Mayor Brenda Locke told the Now-Leader on Dec. 6 that the City of Surrey is not yet prepared to weigh in on the submission. “We haven’t been briefed by staff, we only received the budget late Thursday (Nov. 30),” she explained. “Staff are still working through it.”
The recently retired Abbotsford police chief ran his first SPB meeting that same day, since Public Safety Minister Mike Farnworth temporarily suspended the SPB – of which Mayor Brenda Locke was chairwoman – and put him in charge.
Reflected in the budget submission, Serr said at the time, is the underlying assumption that the SPS will hire an additional 180 sworn officers in 2024, which would Surrey’s blended police complement to over 50 per cent SPS by the end of that year.
Serr also noted Surrey’s current “blended” police consist of more than a quarter – roughly 200 SPS officers – working alongside the Mounties.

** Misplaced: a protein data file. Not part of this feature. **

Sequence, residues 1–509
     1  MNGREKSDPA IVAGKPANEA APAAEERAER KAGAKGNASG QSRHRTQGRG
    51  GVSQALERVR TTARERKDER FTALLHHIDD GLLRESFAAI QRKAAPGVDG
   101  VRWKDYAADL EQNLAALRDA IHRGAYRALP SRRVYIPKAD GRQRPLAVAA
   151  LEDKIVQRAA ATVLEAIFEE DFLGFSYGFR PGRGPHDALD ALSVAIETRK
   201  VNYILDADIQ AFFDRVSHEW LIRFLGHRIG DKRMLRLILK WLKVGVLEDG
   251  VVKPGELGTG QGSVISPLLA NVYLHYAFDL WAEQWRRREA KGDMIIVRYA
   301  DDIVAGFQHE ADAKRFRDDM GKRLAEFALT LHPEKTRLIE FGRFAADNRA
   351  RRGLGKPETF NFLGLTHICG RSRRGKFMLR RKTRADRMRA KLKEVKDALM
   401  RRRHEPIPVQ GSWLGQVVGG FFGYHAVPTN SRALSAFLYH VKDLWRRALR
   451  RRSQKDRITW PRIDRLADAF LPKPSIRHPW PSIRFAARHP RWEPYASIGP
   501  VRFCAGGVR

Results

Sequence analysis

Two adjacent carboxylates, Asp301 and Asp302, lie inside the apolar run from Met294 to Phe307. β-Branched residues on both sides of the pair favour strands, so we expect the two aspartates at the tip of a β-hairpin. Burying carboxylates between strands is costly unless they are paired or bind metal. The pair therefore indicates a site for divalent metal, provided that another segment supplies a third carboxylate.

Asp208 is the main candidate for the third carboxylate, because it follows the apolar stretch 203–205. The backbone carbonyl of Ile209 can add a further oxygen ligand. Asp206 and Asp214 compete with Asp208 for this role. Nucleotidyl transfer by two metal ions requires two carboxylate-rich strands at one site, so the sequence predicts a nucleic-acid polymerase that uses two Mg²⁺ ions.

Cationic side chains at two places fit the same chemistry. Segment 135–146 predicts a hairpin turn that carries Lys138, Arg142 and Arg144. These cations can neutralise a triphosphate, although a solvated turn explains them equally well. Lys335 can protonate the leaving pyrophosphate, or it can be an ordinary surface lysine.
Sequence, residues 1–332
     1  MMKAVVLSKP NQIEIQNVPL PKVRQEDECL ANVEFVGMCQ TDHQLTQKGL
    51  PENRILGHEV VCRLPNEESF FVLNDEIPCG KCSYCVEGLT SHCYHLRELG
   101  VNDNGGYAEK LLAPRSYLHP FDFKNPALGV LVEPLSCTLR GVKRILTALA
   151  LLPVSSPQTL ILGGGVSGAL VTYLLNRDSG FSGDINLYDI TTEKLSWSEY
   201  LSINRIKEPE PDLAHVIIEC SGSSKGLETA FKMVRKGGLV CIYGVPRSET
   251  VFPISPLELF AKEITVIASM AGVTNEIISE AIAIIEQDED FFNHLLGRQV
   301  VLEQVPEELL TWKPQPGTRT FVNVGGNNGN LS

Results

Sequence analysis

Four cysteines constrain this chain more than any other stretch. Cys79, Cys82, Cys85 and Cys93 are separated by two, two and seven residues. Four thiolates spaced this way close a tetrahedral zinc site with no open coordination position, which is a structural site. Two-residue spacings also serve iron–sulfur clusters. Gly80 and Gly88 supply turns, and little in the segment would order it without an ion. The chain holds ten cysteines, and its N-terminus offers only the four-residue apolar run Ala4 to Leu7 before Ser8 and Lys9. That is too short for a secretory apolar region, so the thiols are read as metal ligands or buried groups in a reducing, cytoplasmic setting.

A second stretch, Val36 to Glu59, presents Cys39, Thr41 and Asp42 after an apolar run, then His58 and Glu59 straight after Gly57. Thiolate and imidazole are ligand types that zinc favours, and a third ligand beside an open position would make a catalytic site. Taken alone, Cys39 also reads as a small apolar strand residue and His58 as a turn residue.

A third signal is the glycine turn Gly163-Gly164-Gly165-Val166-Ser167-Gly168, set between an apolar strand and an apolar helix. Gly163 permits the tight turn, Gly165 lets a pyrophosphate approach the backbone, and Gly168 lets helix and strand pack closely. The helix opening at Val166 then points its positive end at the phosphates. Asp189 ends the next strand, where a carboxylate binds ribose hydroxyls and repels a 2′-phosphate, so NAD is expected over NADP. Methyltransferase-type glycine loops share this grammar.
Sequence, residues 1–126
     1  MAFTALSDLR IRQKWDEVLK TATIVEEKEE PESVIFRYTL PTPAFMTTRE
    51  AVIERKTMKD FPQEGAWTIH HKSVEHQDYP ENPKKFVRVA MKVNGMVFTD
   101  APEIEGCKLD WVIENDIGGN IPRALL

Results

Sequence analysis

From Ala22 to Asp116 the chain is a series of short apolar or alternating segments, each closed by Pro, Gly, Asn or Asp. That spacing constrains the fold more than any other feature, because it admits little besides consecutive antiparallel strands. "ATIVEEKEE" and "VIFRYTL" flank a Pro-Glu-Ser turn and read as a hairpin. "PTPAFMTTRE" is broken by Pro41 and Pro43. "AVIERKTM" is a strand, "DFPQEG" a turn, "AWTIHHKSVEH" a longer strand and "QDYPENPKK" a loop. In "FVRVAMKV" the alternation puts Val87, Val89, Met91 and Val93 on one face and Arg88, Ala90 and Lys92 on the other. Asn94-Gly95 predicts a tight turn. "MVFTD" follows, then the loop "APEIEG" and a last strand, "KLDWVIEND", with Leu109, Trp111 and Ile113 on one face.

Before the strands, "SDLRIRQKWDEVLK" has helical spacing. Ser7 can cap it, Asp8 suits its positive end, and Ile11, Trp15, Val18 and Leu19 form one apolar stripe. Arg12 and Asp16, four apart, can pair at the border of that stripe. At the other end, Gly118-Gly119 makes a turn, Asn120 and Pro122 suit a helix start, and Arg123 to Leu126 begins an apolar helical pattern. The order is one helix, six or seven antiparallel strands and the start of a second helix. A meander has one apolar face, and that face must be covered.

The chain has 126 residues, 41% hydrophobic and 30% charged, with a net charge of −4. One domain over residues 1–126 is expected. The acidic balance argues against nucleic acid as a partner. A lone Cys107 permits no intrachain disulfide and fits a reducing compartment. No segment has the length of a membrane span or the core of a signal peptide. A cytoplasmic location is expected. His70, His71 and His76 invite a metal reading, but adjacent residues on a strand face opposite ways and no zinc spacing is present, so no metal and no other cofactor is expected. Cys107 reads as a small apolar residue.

Meantime, Lipinksi explained, “We still have to go through the budget process, we still have to work with the stakeholders, with the RCMP, and they create the vacancies for 180, we have to work through that. But you’ve got to start somewhere and somebody’s got to put something on the table as a starting point, so that’s what we did. Much more road to travel that way.
“Wrapping this project up, let’s start from the macro. I get asked this a lot – when is it going to be done, because the citizens of Surrey want it done. If all goes well, in my mind’s eye, probably about two years. That’s to completion – that’s to completion,” Lipinski forecasts, repeating himself for emphasis. “We would be situated, we would be in a position to be POJ (police of jurisdiction) but that requires a lot of discussion of where it is and if you’ve got 50 per cent plus one employees, that’s only one factor.”
Those employees, he explained, have to be throughout all ranks. “You have to have really a framework in order to take over, so there is much more road to travel but number-wise, as one indicator, we’d have good numbers by the end of this year.
“Fair to say, we are leaning forward and moving towards completion of this transition.”